Killed By Poachers Before It Had A Chance To Live. Pregnant Rhino And Calf Shot Dead By Poachers In Pilanesberg National Park

Killed by poachers before it had a chance to live: A pregnant Rhino is shot dead along with its calf and unborn child by poachers who fled before they could cut off the mother’s horn

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No chance: An unborn Rhino calf who died in its mother’s womb after she and its sibling were shot dead by poachers in South Africa
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Heartbreaking: The markings around the mother’s horn show that the poachers had made an attempt to cut it off, but fled the scene when park staff arrived

These heartbreaking images show an unborn Rhino calf who died after its mother and sibling were shot and killed by poachers.

The Rhino was heavily pregnant and roaming Pilanesberg National Park in Mogwase, north-west South Africa, with its calf when they were hunted down for their horns.

Photos show the poachers began hacking off the mother’s prized horn, but they were interrupted by park rangers and fled before they had time to remove it.

When park staff tried to save the unborn calf, it was found to have died inside its mother’s womb.

Pilanesberg National Park wrote on its official Facebook page: ‘There are no words.

‘Mom and calf shot and killed by poachers. Horns are still on as the murderers fled the scene when they heard a game drive approach. Mom looks very pregnant as well. We are devastated.’

Pilanesberg National Park added in the post that a reward will be issued for any information leading to an arrest and prosecution of the poachers.

A spokesperson for the park told MailOnline that the mother Rhino was aged eight and the calf just two years old. The unborn foetus would have been due in February next year.

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Killed: The heavily pregnant Rhino and its calf lie by the roadside where they were shot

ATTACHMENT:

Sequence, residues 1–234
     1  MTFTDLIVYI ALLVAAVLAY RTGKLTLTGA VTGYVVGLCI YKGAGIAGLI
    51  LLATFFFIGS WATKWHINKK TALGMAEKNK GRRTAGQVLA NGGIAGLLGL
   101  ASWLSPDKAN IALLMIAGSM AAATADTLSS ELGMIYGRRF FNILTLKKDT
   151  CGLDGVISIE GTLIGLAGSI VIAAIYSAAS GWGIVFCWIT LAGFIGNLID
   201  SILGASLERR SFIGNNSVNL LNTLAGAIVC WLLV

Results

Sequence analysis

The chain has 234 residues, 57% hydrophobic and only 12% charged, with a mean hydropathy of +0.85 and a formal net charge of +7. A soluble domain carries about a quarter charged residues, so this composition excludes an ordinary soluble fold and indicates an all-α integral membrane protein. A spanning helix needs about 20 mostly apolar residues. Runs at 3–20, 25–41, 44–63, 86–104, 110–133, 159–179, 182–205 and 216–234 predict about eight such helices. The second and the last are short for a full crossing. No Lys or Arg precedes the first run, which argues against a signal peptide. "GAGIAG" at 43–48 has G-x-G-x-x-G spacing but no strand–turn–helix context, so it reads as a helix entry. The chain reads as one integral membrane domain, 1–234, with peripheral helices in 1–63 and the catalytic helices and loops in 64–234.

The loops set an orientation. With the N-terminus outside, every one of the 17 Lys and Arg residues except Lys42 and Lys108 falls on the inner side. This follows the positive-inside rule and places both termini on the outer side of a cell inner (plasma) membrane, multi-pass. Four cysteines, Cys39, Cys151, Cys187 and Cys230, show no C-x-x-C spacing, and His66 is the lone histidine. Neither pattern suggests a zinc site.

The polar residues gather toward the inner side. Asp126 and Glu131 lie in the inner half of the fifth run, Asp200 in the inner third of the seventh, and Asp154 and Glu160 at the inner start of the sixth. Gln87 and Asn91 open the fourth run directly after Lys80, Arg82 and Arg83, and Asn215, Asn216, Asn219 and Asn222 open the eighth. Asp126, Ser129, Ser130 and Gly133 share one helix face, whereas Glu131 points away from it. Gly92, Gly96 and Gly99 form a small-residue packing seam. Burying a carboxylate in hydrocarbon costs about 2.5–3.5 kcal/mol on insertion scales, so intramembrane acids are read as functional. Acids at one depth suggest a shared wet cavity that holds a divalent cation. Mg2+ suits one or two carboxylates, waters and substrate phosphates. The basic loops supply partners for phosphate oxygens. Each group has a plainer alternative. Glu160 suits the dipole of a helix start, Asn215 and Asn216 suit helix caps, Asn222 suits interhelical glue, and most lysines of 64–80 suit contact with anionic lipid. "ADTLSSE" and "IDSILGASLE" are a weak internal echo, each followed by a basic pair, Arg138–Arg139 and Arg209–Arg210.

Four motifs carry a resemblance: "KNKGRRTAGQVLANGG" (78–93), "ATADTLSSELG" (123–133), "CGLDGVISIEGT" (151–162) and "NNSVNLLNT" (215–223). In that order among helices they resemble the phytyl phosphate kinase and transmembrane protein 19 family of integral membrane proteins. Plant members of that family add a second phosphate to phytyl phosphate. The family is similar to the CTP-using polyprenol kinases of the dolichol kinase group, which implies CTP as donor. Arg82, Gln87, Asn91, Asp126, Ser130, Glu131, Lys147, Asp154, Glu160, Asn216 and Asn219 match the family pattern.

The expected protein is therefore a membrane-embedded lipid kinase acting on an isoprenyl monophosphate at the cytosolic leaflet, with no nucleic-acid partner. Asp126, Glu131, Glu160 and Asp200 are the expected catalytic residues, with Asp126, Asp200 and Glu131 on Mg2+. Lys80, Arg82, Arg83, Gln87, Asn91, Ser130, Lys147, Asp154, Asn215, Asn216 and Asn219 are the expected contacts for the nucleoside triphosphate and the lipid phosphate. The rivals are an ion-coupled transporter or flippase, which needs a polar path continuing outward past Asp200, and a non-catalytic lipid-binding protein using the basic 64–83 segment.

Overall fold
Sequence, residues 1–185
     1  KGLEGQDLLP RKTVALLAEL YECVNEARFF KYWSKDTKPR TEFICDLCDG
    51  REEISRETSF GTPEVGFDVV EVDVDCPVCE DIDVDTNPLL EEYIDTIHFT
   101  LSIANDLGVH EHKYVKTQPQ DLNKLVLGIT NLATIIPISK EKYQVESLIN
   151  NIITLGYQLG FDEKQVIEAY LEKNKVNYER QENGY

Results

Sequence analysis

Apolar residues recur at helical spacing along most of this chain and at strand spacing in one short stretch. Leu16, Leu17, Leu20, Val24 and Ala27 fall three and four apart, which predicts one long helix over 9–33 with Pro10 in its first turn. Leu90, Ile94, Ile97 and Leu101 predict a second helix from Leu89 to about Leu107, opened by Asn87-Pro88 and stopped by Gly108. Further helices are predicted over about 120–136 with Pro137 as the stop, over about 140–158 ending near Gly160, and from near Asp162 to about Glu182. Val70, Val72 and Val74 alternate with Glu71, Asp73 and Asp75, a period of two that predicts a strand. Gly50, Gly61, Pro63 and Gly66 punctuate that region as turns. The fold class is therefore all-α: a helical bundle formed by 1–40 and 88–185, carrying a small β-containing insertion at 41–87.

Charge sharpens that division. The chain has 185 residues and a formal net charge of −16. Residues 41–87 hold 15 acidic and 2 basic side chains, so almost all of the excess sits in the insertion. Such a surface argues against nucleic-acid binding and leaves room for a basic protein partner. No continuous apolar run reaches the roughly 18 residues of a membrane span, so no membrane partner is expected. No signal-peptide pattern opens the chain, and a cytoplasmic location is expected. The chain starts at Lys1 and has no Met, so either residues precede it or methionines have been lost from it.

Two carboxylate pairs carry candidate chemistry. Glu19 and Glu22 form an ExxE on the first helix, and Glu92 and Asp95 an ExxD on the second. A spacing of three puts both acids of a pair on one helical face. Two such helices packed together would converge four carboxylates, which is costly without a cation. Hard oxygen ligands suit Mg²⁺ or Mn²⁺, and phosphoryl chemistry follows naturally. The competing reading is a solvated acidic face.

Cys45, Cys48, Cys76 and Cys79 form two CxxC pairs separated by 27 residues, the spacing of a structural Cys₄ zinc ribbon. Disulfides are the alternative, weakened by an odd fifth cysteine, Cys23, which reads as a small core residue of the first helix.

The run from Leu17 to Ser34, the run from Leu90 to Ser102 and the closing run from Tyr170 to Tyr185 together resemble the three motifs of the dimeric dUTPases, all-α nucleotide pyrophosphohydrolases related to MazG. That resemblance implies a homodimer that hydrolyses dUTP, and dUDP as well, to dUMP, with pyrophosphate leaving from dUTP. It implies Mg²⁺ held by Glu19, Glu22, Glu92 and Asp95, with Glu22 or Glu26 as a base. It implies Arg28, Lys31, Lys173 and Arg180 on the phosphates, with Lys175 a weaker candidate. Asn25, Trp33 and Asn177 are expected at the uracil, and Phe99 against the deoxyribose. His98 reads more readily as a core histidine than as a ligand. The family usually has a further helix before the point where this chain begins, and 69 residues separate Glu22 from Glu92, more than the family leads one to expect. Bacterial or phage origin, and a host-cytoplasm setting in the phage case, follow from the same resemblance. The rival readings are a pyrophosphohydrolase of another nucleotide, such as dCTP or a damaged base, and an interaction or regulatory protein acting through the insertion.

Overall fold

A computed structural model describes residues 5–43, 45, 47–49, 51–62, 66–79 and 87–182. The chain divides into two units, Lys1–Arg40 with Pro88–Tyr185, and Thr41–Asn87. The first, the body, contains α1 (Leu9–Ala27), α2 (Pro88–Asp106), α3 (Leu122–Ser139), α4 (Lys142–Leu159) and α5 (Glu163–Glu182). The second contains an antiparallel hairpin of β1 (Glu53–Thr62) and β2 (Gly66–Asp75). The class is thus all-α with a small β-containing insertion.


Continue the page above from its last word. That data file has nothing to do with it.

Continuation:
‘We have lost 16 Rhino and 3 unborn calves so far 2017 – that we are aware of,’ the spokesperson said.

‘This loss is not due to lack of interest or effort from Park management, as this is a large park with many valleys and hills, which is a difficult territory to operate in.’

Since 2007, more than 6,000 Rhinos have been shot and butchered for their horns in South Africa alone.

The majority of those have come in the last four years with around a thousand being killed every year since 2013.

Sometimes the Rhinos are shot dead, in other cases they are brought down with a tranquiliser gun before having their horn hacked off – leaving the Rhino to wake up and bleed to death painfully and slowly.

The province of KwaZulu-Natal, which has the greatest density of Rhino in South Africa, has seen 139 slaughtered already this year.

Despite countries such as China, Vietnam, South Korea, Malaysia and even India believing Rhino has medicinal values, repeated studies have not found any evidence to support the claims.

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Sad: Park rangers and guests gather at the heartbreaking scene in Pilanesberg

Rhino horns are made from a protein called keratin, the same substance that human fingernails and hair are made of. The horn is essentially just a compacted mass of hairs that continues to grow throughout the animal’s lifetime, just like human hair and nails.

It is similar in structure to horses’ hooves, turtle beaks, and cockatoo bills – however these animals are not hunted and slaughtered in the same way.

Tragically tradition and cultural beliefs in some Asian countries mean the demand for Rhino horn has not waned despite just some 20,000 white Rhino being left in the wild.

Poachers are now being supplied by international criminal gangs with sophisticated equipment to track and kill Rhinos. A kilo of Rhino horn is worth around $30,000 (£23,000) – making it more valuable than a kilo of gold at $25,000 (£19,000).

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